Here’s something you don’t see everyday: A public company whose founders hold special shares with supercharged
voting rights is giving up the special powers.
The company is Indianapolis-based athletic shoe retailer Finish Line Inc. Its shareholders approved a board-backed measure a year ago to eliminate its special class of voting stock in June 2012. The structure being axed gives Class B shares held by founders Alan Cohen, David Klapper and Larry Sablosky 10 votes apiece, while the regular Class A shares get just one vote each.
The change, made in consultation with the three men, reflects a changing of the guard at Finish Line. All are in their 60s
and retired from day-to-day management. Cohen’s resignation as chairman last month leaves no founder on the board.
“The company has new leadership, and, with that new leadership, new strategic plans and objectives are being developed and pursued,” the board wrote in advocating the change last year.
The provision had been in place since 1992, when the company went public. Similar arrangements are in place at hundreds of U.S. public companies, despite being widely criticized as unfair by shareholder activists.
Three years ago, New York hedge fund manager Conrad Bringsjord publicly upbraided Finish Line’s board for using it, saying, “I think the structure couldn’t be less democratic.”
But you can understand why entrepreneurs who build a business, then take it public embrace them. The riches that come with an IPO can be immense. But the loss of control can be downright scary.
Those dynamics are playing out at two other high-profile Indianapolis public companies these days.
At Emmis Communications Corp., founder and CEO Jeff Smulyan owns just 17 percent of the broadcasting and publishing firm. But thanks to his special Class B shares, his voting power is 69 percent—clout he has used to try to win support for his plan to take the company private for $2.40 a share.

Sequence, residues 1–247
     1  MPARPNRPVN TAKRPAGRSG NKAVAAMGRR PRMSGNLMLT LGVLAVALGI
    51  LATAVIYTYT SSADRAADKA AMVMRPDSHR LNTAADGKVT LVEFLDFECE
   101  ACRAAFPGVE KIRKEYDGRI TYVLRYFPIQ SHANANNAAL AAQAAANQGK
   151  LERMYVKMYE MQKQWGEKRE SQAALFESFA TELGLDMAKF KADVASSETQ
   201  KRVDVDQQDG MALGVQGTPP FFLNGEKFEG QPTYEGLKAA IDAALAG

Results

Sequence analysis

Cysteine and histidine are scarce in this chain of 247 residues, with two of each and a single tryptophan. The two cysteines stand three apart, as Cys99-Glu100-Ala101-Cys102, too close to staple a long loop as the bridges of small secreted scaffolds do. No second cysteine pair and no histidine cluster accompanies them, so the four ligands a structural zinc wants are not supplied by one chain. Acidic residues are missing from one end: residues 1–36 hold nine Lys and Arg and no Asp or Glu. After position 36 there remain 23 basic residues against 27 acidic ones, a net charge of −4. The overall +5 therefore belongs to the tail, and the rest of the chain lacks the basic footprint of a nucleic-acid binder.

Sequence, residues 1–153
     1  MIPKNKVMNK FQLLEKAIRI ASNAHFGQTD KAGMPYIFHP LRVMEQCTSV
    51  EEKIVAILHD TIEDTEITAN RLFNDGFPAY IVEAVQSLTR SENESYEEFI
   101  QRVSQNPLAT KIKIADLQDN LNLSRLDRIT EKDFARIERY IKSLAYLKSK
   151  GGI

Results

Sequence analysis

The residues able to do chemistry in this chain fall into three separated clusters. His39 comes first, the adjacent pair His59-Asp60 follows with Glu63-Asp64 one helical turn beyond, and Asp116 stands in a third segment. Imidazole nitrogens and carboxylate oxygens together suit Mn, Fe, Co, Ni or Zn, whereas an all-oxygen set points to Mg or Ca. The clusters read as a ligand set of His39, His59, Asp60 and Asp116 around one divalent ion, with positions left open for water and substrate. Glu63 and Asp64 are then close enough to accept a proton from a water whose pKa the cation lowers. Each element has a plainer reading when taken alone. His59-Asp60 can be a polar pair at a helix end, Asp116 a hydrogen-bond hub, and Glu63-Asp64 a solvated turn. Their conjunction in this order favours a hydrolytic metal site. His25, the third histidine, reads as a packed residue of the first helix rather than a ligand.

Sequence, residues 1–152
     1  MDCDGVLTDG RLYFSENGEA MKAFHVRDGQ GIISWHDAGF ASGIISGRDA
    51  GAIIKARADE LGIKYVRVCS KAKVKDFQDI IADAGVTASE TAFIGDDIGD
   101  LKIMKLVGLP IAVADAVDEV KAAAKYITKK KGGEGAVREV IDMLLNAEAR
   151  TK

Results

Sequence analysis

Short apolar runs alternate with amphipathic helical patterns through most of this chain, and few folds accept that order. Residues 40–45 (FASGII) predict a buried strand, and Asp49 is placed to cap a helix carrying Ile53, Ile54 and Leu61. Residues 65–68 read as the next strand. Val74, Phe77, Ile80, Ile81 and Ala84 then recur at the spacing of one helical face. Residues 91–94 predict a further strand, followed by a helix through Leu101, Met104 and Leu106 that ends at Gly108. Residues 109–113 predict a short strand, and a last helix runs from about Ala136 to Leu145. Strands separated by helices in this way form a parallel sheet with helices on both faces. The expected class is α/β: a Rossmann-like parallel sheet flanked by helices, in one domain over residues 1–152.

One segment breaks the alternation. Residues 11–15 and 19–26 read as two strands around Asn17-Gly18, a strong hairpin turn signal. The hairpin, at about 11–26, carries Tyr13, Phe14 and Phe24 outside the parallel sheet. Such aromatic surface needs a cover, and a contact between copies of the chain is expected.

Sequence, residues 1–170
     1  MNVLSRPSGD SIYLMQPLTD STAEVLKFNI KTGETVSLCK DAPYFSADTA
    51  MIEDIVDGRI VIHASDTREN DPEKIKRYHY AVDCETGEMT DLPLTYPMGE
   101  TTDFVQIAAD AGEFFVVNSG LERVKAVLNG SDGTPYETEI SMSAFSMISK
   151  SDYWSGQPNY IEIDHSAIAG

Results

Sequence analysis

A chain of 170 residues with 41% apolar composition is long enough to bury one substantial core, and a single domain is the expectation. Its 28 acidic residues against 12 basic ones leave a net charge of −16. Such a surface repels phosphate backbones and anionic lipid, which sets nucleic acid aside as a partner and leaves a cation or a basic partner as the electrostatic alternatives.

Under Emmis’ charter, Smulyan gets just one vote per share in going-private transactions such as the one he proposed. So he couldn’t single-handedly approve his plan, which values Emmis at about $90 million. But he could vote down any other offer.
The letter Smulyan submitted to board members in April pitching his buyout sent an unequivocal message that they need not bother drawing out other offers.
“Just as a reminder,” it said, “Jeff Smulyan is not interested in any transaction involving the sale of his ... stock and will not support another transaction in his capacity as controlling common shareholder.” (For the latest on the Emmis buyout offer, visit ibj.com).
At Simon Property Group, the Simon family appears sure to retain the right to elect four of 12 board members, despite efforts by Bren Simon, Melvin Simon’s widow, to diversify her late husband’s estate. The seats are filled by holders of the company’s 8,000 Class B shares, all of which are in the family’s hands.
The influence of founders’ families in public companies usually wanes over time. But few firms accelerate the process, as Finish Line is doing.
When shareholders approved the change, founders owned 7 percent of the stock but had 41 percent of the voting control. Eliminating the special voting rights could make the company more susceptible to takeover, board members acknowledged in last year’s proxy statement, but they also argued that “a customary corporate governance structure” that puts more authority in the hands of directors, rather than retired founders, was in the best interests of the company and its shareholders.
“The board of directors believes that in these challenging and uncertain economic times, it is in the best position to determine the true value of the company and to negotiate more effectively.”
An intriguing 2007 analysis by Directorship magazine suggests Finish Line’s board did shareholders a favor. It tracked 253 dual-class firms that went public from 1990 to 1998 and compared their performance with more than 2,300 single-class firms that staged IPOs in that span.
The finding: Investors value dual-class companies at a meaningful discount to traditional firms—in part, apparently, because special voting rights can entrench underperforming executives.
“At dual-class firms, managers enjoy the protection of superior voting power, so there is no correlation between poor stock returns and CEO turnover,” the magazine said.
According to Directorship, firms that eliminated the dual-class structure saw an immediate increase in share price of at least 5 percent.•